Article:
Gone with the wind
Now that dismal January is safely behind us and March is about to take the monthly baton from February’s grasp, the thought of a holiday to break free from seasonal inertia is more appealing than ever before. The remnants of Christmas still clog up our veins and the lethargy that is so habitual at that time of the year is hanging around like a bad smell. All we want is the sun on our face, the sea licking the shore with its gentle regularity and the sand teasing our glistening body.
Better still, with all of this guaranteed why not consider an active holiday to exorcise those indolent demons? One that is inexpensive and situated in an attractive European destination like Egypt and Greece, for example. They are two countries that offer a stunning landscape and cater for water sport enthusiasts.
Vassiliki in Greece is arguably one of Europe’s most acclaimed windsurfing destinations and is on the periphery of the stunning Lefkas Island. Windsurfers of all levels are drawn to its flat water in the afternoons, while ardent mountain bikers tackle the conspicuous mountains that protrude Lefkas Island. Whatever the terrain, Vassiliki is a place of beauty and enterprise – you just need to decide what activity will best regenerate you.
Dehab in Egypt also shares the accolade of an unprecedented profile for wind and kite surfing. It boasts over 300 days a year of wind, as Dahab lies in the wind tunnel off the gulf of Aquaba and these powerful winds that bless the lagoon are ideal for beginners who are keen to learn either sport. The more desirable windsurfing spots are approximately 2 km south of Old Dahab in the expansive lagoon of Dahab City. The water is a flawless surface for both beginners and advanced surfers and is surrounded by hotels, restaurants and stores where you can rent equipment.
Embedded in these locations are expert instructors who help preserve the future of activity sports and encourage new interest into the area. Often natural ability can be developed into prospective professionals by instructors, and children in particular are supported by these mentors if fun turns into a hobby, which then turns into a possible vocation.
Simon Davies, who is Overseas Operations Manager for tour operator Neilson active, started his life as a young and ambitious water sports fanatic. “I remember the day when my dad brought me a small boat and we would go sailing together,” says Simon. “I was an eager and fearless 10 year old who was desperate to get out on the water. Even at that age I felt just as comfortable on water as I did land.”
“Dinghy sailing was my first love and the platform for experimenting with other water sports,” Simon continues. “As I grew up I got to know more and more kids who were into wind and kite surfing, and it was astonishing how high the standard was at such a young age. But I knew it was an activity I wanted to pursue and succeed in, and after nine years of progressing and learning I became an instructor at 19 years old.”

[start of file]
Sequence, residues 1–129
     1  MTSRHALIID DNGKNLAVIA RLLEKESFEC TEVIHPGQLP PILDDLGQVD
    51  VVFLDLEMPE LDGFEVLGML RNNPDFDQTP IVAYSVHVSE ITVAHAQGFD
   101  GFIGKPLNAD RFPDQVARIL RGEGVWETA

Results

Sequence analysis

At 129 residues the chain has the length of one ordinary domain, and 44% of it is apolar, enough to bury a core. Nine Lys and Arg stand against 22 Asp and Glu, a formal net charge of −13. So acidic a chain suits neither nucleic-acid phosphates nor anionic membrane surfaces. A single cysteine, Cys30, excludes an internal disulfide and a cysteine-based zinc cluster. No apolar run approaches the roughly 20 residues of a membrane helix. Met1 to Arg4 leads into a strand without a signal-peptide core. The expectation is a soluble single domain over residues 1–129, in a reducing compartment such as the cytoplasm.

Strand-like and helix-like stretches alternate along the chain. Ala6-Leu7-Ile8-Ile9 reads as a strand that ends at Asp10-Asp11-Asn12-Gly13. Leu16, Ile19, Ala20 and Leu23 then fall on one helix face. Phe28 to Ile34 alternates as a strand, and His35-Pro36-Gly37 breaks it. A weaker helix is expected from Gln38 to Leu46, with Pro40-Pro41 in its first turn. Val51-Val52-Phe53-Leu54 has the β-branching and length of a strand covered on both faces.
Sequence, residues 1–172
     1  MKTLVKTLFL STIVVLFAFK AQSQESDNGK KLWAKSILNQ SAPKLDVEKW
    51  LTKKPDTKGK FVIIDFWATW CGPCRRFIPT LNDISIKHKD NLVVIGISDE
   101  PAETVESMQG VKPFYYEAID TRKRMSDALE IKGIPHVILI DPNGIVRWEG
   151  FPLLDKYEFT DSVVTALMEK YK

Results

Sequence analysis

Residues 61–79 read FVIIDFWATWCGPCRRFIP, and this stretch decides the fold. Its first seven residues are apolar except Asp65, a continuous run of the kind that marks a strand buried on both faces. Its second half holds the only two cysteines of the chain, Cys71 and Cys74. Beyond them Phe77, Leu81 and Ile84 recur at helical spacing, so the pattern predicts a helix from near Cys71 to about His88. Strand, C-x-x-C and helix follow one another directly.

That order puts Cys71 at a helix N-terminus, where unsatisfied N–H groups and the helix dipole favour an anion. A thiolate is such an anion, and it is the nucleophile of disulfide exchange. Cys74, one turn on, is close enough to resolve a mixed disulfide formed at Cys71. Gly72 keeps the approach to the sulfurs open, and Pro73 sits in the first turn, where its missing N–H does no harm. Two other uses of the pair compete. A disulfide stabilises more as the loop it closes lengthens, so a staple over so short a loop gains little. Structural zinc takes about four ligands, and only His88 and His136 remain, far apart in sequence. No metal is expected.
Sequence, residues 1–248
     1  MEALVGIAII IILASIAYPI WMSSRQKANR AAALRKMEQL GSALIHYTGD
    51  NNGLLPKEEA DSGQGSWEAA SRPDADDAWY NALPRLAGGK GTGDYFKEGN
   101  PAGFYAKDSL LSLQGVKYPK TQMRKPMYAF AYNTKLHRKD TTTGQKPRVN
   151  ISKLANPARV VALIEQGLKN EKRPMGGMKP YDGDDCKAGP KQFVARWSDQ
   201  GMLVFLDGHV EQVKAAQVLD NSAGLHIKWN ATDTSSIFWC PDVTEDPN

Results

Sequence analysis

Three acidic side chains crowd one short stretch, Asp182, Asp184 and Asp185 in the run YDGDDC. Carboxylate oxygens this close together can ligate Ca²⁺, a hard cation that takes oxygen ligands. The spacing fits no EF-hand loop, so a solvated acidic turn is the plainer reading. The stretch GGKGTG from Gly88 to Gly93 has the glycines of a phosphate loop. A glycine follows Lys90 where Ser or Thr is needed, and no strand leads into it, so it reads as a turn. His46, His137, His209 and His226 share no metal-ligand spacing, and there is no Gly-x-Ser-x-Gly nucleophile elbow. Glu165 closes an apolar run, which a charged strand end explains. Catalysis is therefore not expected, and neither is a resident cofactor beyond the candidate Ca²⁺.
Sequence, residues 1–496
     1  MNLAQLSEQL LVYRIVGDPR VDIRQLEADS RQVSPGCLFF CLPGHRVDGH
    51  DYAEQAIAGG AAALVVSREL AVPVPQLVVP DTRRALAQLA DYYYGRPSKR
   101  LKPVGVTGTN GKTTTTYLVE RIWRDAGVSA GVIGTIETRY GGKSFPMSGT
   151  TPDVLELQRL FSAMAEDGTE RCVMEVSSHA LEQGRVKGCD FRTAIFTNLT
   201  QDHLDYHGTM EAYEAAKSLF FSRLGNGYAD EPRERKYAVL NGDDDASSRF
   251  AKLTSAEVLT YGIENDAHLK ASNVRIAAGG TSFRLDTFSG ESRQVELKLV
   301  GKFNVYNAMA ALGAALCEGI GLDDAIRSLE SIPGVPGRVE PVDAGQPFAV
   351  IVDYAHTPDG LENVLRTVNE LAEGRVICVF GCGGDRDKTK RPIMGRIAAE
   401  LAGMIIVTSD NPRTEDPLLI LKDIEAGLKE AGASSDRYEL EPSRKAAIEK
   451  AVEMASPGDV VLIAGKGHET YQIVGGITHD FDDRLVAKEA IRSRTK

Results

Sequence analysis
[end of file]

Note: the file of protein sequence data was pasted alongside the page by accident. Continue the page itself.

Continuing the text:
“An opportunity then arose with Neilson in Turkey where I spent three memorable years as an instructor,” Simon reflects. “The beach clubs in Turkey are just as renowned and exquisite now as they were then, with Ortakent and Teos (the two famous windsurfing destinations in Turkey) still leading the way for amateurs and professionals. At 24 I came back to the UK where I have been ever since. Although my role means I no longer teach, I am still very much involved with the activities we offer and will never lose the passion for water sports. I have met some incredible people along my travels and some fantastic raw talent too. Although I had good support around me as a child, kids now have better facilities, equipment and leadership if they intend to follow their dreams of becoming an established sports personality.”
Simon will be pursuing another one of his dreams by attempting to kite surf the English Channel this year in aid of the Motor Neurone Disease Association (MNDA). He is one of five friends who will raise money and awareness for the disease that leads to the debilitation of muscles, loss of mobility and difficulty with speech. One of their good friend’s fathers contracted the disease recently and kite surfing across the temperamental Channel will be testament to the endurance and bravery he has shown. “The crossing represents a great challenge with many dangers,” says Simon. “We are crossing the busiest shipping channel in the world, there are many elements to take into account such as weather, equipment failure and of course fatigue”
With the immeasurable success team GB had in sailing at the Beijing Olympics, the sport, along with windsurfing, is undergoing a welcomed resurgence. The British Olympic Association (BOA) has highlighted that water sports could be the UK’s most potent force behind a fruitful London 2012 and appreciates that nurturing the young who have the flair and passion at the earliest opportunity is paramount.
Like any sport, children with the raw ability have to be recognised and supported if they are to be serious contenders in their field. That said, sport is still fun and infectious and childhood memories of stepping in your first boat, falling off your first surf board or swallowing that large gulp of sea water can never be taken away from you.
More Details on Motor Neurone Disease Association can be found at www.mndassociation.org